The quality of the photo—shot on an iPhone in a dimly lit hotel conference room—doesn’t do justice to the quality of the moment.
The moment came Thursday night in Pittsburgh, on the final stop of the first full week of the Penn State Coaches Caravan. In the middle, is Bryan Hondru ’67, ’69g, a starting offensive lineman and academic All-American for both Rip Engle and Joe Paterno. The man in the blue blazer? None other than Chuck Fusina ’79, All-American quarterback for the 1978 squad that played for the national championship. Next to Fusina is Wally Richardson ’96, ’03g, another QB who wore #14 and put his name all over the Penn State record books.
To Hondru’s right is Terry Smith ’91, the record-setting wide receiver and current Nittany Lion assistant coach, and Patrick Weber ’07, an academic all-Big Ten lineman. The only guys in the photo who didn’t play for Penn State are Bob Shoop, the Nittany Lions’ new defensive coordinator and a Western PA native who talked about idolizing Fusina as a kid; and of course, James Franklin. As someone who talks constantly of the importance of relationships and family to a successful football program, it’s no surprise that Franklin sees his first Coaches Caravan as a great chance to connect, across miles and generations, with members of the Penn State football family tree.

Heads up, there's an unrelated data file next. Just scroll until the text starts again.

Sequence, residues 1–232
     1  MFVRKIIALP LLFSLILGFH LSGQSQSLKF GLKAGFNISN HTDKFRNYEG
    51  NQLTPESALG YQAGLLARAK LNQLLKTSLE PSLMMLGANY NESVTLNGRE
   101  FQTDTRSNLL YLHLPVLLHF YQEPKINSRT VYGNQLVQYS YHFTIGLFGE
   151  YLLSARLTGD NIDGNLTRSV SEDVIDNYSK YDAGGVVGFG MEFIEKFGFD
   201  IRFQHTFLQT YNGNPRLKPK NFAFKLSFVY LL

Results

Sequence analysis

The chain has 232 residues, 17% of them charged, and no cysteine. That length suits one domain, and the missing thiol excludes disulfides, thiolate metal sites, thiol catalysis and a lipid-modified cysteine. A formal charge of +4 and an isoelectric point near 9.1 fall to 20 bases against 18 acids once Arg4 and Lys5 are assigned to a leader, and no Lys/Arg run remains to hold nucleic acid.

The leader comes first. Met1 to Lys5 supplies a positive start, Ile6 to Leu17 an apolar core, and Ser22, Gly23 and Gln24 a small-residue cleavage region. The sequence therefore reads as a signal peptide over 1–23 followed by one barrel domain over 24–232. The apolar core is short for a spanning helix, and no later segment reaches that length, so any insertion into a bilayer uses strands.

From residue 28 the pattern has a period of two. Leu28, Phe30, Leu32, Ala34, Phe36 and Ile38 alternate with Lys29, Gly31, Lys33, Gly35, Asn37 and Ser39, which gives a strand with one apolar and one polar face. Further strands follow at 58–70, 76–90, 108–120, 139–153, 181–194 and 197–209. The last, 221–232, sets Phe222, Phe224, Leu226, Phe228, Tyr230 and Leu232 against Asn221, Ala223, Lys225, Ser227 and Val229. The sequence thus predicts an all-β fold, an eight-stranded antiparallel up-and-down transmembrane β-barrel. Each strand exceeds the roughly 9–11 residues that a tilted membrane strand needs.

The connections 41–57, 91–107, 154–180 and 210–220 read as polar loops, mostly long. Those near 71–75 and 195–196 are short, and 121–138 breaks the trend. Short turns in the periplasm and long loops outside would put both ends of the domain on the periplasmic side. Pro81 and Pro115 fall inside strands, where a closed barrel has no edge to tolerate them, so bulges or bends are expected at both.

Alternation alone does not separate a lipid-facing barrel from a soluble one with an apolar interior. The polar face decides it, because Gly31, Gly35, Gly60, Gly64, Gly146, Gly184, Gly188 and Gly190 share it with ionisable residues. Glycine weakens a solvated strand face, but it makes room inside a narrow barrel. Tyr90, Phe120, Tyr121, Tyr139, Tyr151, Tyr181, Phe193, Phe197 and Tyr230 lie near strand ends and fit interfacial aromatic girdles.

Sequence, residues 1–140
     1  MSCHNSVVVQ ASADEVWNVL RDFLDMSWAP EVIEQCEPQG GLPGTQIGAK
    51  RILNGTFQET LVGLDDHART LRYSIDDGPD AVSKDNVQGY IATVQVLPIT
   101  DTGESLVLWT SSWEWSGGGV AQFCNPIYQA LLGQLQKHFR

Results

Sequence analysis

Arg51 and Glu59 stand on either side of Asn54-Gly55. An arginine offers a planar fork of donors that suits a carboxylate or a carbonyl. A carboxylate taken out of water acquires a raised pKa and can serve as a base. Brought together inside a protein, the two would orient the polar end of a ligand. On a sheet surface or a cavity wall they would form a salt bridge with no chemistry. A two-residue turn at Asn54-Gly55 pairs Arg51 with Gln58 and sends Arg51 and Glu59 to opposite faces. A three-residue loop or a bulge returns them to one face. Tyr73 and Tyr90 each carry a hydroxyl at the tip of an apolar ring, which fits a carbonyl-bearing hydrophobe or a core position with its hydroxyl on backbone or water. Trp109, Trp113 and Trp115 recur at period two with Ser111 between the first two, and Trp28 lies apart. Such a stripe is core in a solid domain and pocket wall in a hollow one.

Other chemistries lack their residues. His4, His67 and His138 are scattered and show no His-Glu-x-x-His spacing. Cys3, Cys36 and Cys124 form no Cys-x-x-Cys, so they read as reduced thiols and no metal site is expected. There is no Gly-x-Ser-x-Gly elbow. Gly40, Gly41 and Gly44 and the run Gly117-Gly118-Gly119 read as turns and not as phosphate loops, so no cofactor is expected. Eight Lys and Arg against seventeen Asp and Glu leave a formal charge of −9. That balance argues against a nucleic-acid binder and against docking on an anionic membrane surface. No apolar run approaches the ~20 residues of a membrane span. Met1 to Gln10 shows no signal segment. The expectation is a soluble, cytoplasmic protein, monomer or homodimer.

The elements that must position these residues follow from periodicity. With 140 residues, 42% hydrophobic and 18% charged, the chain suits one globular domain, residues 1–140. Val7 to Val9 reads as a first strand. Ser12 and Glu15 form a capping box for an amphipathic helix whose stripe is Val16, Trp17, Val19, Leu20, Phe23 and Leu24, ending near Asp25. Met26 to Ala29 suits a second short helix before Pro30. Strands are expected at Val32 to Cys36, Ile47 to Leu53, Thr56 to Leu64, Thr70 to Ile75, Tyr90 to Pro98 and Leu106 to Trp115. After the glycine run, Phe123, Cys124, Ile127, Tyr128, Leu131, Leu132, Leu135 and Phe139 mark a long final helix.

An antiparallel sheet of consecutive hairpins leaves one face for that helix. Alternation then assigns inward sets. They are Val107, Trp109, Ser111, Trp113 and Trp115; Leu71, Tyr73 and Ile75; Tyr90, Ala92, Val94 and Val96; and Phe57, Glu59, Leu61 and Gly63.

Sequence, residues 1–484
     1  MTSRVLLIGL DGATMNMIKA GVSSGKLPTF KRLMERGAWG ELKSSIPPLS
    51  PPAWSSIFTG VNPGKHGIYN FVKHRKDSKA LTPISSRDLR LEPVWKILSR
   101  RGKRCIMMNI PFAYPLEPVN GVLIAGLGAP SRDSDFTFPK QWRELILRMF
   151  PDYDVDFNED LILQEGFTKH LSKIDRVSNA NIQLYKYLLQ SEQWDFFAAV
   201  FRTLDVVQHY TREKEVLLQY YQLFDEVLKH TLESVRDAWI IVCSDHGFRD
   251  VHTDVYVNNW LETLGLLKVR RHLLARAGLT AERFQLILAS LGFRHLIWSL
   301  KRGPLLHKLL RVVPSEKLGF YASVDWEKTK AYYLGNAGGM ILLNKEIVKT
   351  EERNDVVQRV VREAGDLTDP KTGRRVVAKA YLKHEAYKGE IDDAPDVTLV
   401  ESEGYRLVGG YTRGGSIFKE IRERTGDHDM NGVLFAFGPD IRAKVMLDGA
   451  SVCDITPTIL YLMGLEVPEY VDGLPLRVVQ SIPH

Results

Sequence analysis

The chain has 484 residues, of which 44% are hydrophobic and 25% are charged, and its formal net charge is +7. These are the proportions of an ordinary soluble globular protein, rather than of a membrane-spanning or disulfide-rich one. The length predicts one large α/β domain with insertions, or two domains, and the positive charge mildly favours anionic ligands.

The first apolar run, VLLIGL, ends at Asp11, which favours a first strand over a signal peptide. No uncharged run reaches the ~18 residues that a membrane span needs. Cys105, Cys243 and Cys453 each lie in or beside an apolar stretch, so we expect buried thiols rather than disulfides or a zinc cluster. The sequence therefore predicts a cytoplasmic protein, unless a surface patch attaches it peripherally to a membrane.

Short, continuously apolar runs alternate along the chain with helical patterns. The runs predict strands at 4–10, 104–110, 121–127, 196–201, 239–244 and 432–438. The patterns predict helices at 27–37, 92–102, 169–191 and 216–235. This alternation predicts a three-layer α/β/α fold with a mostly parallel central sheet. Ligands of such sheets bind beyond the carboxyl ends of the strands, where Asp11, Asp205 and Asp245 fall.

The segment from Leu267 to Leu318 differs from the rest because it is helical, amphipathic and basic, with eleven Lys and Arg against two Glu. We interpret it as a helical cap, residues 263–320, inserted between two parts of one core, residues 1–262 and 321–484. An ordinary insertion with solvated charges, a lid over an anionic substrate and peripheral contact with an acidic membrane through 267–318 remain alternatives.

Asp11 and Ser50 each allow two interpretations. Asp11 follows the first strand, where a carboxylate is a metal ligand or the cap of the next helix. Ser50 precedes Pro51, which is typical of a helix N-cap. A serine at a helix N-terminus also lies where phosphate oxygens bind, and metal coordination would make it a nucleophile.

With a big assist from Richardson, back on campus as director of the Football Letterman’s Club, Franklin is making time to meet with former players at every stop. The vibe is informal: football guys telling stories and sharing memories, brought together by their commitment to the program. On Tuesday night in Hershey, it was John Greene ’88, ’90g, Tyler Valoczki ’02, and Tyler Lenda ’02; Wednesday in D.C., Andre Collins ’91 and Stephon Morris ’13 stopped by. There have been other lettermen at most of the stops, and we’re looking forward to seeing more when the Caravan gets rolling again next week.
Thursday night in Pittsburgh was probably the coolest of these gatherings so far, if only for how it so seamlessly bridged so many different eras. From the ’60s to the 2000s, the family tree reaches reaches far and wide. Such a strong connection between Penn State football’s past and present can only bode well for the future.
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